The file sander is another detailing sander similar to the belt sander. This device looks almost like an electric knife except for a belt sander that replaces the blades. Like the sanding sticks and DIY toothbrush sander, these devices excel at getting into hard-to-reach places, and the belt sander adds the bonus of a power sander.
13. Oscillating Sander
Oscillating sanders are another tool that you use when you need to do detailed work. These small, handheld tools are similar to a drill but have sandpaper or sanding bits instead of the drill bit. While you can only use them to work on a small area at a time, they are surprisingly versatile, and the oscillating sander will likely become one of your go-to tools.
14. Spindle Sander
The spindle sander is another small sander with a rotating edge that you can use for detailed work. However, instead of being a handheld unit like the oscillating sander we just looked at, you attach this model to a table so it remains stable while you work. Some woodworkers prefer to handle the object being sanded instead of the sander. The only downside of the spindle sander is that it can take up permanent space on your workbench.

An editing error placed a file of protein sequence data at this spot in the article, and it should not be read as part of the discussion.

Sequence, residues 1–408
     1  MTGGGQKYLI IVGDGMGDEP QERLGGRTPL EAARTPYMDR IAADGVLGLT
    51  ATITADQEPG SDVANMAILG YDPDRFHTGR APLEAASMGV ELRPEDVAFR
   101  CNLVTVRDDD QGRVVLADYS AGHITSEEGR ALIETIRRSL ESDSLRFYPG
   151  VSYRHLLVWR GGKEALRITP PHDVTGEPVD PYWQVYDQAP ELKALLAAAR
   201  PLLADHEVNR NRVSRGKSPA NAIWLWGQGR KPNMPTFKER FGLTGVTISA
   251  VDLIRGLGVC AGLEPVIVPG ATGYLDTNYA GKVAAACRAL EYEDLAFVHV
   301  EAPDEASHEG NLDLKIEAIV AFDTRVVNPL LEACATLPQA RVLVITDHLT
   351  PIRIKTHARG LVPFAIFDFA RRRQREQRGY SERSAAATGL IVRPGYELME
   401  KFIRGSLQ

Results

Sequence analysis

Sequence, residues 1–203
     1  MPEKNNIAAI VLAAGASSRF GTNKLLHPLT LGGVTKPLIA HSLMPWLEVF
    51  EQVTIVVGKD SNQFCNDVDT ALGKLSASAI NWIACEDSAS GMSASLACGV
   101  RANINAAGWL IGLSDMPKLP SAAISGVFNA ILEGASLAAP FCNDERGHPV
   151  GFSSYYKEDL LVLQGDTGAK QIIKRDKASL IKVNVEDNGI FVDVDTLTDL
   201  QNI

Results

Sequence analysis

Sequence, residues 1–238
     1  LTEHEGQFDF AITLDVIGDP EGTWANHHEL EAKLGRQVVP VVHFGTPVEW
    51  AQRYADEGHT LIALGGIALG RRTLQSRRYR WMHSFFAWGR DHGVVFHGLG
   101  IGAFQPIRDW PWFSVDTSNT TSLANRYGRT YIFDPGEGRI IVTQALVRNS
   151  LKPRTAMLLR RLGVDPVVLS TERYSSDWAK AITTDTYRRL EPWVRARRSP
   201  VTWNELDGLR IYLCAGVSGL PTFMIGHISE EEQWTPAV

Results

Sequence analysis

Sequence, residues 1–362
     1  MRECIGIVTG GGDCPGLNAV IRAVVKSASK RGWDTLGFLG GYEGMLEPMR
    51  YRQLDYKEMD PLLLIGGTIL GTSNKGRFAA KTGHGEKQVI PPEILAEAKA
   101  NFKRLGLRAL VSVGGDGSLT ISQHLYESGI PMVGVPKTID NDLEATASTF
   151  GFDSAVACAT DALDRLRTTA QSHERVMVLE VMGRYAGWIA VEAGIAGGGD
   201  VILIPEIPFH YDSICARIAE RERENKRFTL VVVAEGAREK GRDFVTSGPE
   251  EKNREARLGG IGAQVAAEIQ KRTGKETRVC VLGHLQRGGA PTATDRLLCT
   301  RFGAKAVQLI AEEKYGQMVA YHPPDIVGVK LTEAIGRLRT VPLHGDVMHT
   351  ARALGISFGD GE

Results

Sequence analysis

15. Right-Angle Disc Sander
Right-angle disk sanders are handheld tools with a long horizontal body that helps the woodworker get more leverage. These tools have plenty of power and might even be too powerful for the casual DIY woodworker. However, once you get the hang of them, the right-angle disc sander is a versatile tool with several uses in the workshop and the home. Since it’s so powerful, these tools are often much more expensive than many of the other sanding options on this list.
If you are just beginning to get started creating your workshop, we highly recommend getting a large supply of sandpaper, as you will use it up quickly. As your budget allows, we recommend purchasing a palm or orbital sander to handle most of your work and even take care of odd jobs around the house, followed by the disk sander and belt sander. Once you have these tools, it will be clear whether you need detailing sanders like the sanding sticks or the file sander. Happy hobbying!
Featured Image Credit: Vitalis83, Shutterstock
- 1 The 15 Types of Sanders
- 1.1 1. Sandpaper
- 1.2 2. Sanding Sticks
- 1.3 3. Sanding Block
- 1.4 4. DIY Electric Toothbrush Sander
- 1.5 5. Bow Sander
- 1.6 6. Air Sander
- 1.7 7. Palm Sander
- 1.8 8. Orbital Sander
- 1.9 9. Detail Sander
- 1.10 10. Disk Sander
- 1.11 11. Belt Sander
- 1.12 12. File Sander
- 1.13 13. Oscillating Sander
- 1.14 14. Spindle Sander
- 1.15 15. Right-Angle Disc Sander
- 2 Conclusion